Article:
IDM is a robust process that is described in detail in the Holacracy Constitution. It reliably leads to workable outputs that have been checked for potential harm. It does so by following clearly delineated rules. An elected Facilitator ensures that the circle (the team) sticks to the rules of the process.

Essentially, IDM is a recipe for a well-run and civil discussion which is highly outcome focused.

Here’s an excerpt from the Holacracy Constitution (v5.0):

5.4.5 Integrative Decision-Making Process

The Facilitator must enact the “Integrative Decision-Making Process” as follows:

• (a) Present Proposal: First, the Proposer may describe the Tension and present a Proposal to address it. On the Proposer’s request, the Facilitator may allow others to help craft a Proposal. However, the Facilitator must focus this help solely on getting to an initial Proposal to address the Proposer’s Tension. The Facilitator must disallow discussing other Tensions or concerns about the Proposal.

• (b) Clarifying Questions: Once the Proposer makes a Proposal, others may ask questions to better understand the Proposal or the Tension behind it. The Proposer may answer each question, or may decline to do so. The Facilitator must stop any reactions or opinions expressed about the Proposal, and prevent discussion of any kind. Participants may also ask the Secretary to read the Proposal or show any existing Governance, during this step or at any other time when the participant is allowed to speak, and the Secretary must do so.

• (c) Reaction Round: Next, each participant except the Proposer may share reactions to the Proposal, one person at a time. The Facilitator must immediately stop any out-of-turn comments, any attempts to engage others in a dialog, and any reactions to other reactions instead of to the Proposal.

• (d) Option to Clarify: Next, the Proposer may share comments in response to the reactions and make amendments to the Proposal. However, the primary intent of any amendments must be to better address the Proposer’s Tension, and not Tensions raised by others. The Facilitator must immediately stop comments by anyone other than the Proposer or Secretary. Any engagement by the Secretary must focus solely on capturing the amended Proposal.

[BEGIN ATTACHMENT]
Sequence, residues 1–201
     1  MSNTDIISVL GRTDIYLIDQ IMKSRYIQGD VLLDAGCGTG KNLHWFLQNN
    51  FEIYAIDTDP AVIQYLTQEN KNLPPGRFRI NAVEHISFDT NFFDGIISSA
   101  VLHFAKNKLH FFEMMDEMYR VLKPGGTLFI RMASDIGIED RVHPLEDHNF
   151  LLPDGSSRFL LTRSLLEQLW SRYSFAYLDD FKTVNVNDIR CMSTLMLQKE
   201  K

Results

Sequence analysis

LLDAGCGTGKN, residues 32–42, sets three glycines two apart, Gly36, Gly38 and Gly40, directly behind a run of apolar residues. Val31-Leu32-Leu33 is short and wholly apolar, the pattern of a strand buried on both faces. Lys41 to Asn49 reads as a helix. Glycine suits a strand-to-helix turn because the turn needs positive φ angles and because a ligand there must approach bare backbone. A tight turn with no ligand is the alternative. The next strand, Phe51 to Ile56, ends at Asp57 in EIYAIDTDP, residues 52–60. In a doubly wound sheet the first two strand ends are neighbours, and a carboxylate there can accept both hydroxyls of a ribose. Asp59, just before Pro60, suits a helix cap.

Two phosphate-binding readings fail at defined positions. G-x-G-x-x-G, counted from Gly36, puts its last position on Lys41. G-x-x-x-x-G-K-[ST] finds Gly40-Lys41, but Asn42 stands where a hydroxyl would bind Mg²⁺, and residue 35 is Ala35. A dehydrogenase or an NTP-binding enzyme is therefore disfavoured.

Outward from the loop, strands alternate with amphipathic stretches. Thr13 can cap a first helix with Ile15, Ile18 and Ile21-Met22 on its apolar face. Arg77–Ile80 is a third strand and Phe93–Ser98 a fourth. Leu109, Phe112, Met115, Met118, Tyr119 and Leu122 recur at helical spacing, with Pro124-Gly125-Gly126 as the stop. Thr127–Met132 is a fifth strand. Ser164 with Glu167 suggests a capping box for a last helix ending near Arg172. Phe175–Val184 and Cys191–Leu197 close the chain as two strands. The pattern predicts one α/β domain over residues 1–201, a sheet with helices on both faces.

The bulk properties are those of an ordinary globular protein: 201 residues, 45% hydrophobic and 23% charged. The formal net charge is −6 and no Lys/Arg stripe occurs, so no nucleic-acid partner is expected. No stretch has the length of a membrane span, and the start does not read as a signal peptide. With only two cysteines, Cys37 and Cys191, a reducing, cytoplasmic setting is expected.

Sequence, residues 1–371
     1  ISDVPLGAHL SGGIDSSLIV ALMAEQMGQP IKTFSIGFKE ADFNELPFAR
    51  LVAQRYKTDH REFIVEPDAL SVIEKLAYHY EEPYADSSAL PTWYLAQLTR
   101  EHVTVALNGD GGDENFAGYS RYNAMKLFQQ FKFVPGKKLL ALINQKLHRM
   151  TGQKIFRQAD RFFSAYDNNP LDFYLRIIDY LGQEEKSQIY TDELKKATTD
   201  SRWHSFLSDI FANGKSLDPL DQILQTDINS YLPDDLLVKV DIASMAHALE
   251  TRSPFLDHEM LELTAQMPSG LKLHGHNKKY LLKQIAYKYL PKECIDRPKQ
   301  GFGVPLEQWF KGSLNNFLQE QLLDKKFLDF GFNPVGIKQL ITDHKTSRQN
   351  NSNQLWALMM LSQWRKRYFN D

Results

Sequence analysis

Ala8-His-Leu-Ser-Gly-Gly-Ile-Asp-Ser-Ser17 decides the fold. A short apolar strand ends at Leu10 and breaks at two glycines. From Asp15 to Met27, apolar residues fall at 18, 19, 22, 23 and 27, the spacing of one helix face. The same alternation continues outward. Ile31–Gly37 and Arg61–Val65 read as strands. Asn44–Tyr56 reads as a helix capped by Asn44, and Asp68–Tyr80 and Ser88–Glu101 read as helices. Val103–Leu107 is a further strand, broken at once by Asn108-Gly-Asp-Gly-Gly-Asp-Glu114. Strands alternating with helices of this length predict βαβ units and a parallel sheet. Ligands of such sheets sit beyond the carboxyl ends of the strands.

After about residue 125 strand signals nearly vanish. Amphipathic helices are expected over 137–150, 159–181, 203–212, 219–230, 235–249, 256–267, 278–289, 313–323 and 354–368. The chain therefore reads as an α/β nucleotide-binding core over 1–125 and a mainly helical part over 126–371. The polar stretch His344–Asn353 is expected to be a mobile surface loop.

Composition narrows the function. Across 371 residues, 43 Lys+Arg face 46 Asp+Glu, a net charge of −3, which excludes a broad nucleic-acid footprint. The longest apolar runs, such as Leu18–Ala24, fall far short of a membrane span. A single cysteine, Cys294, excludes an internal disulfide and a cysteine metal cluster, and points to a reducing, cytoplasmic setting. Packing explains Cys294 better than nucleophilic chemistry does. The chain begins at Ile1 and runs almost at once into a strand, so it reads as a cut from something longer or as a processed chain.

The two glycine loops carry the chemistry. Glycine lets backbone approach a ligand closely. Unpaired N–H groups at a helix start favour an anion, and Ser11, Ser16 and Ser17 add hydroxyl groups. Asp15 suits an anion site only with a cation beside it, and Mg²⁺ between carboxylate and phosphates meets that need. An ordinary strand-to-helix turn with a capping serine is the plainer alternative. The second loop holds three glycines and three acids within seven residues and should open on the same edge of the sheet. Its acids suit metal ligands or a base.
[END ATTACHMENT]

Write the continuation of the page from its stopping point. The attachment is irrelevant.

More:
• (e) Objection Round: Next, each participant, one at a time, may raise concerns about adopting the Proposal. The Facilitator must either capture these concerns as Objections, or test them to see if they meet the Objection criteria and capture any that do. If there are no Objections, the Proposal is adopted. While testing concerns and capturing Objections, the Facilitator must stop and disallow discussion or responses of any kind from anyone other than the Objector.

• (f) Integration: If there are Objections, the Facilitator then focuses on each one, one at a time. For each, the participants brainstorm to find a potential amendment to the Proposal to resolve the Objection. The Facilitator marks an Objection resolved once the Objector confirms that the amended Proposal would not trigger the Objection, and the Proposer confirms that it still addresses the Tension. During this step, the Facilitator must apply the rules of integration described in this Article. Once all Objections are resolved, the Facilitator moves back to the Objection round with the amended Proposal.

A key piece of the process is the Objection Round (e), sometimes also called “the Safety-Check of the Proposal”. Here the Facilitator ask each person whether they have concerns with regard to the proposal. In an organizational context, each person speaks as a sensor for the organizational role it is inhabiting, sensing into whether the proposed change would hinder them in expressing the purpose or accountabilities of their roles. In this way, this step acts as a safety net, eliciting concerns from the group before the proposal gets implemented. But not every concern necessarily constitutes an objection that needs to be integrated. That’s why the Facilitator tests the concerns according to the following four criteria.

Holacracy Governance Meeting Card with Objection Test Questions

5.3.2 Objection Requirements

A concern about adopting a Proposal only counts as an Objection if the Objector can provide a reasonable argument for why it meets all of the following criteria:

• (a) The Proposal would reduce the capacity of the Circle to enact its Purpose or Accountabilities.

• (b) The Proposal would limit the Objector’s capacity to enact the Purpose or an Accountability of a Role the Objector represents in the Circle, even if the Objector filled no other Roles in the Organization.

• (c) The concern does not already exist even in the absence of the Proposal.

Thus, a new Tension would be created specifically by adopting the Proposal.

• (d) The Proposal would necessarily cause the impact, or, if it might cause the impact, the Circle wouldn’t have an adequate opportunity to adapt before significant harm could result.

However, regardless of the above criteria, a concern always counts as an Objection if adopting the Proposal would violate a rule in this Constitution.

5.3.3 Testing Potential Objections

The Facilitator may test whether a concern counts as an Objection by asking the Objector if the concern meets the required criteria, and how. When assessing responses, the Facilitator may only judge whether the Objector presented arguments for each criteria using logical reasoning. The Facilitator may not judge on the basis of an argument’s accuracy or the importance of addressing it.

Necessary adaptations of the IDM process for a political context

These rules work in a certain context. It is the context of Holacracy, a role-based organizational operating system. To make it work in a political context, some of the basic parameters would have to be tweaked.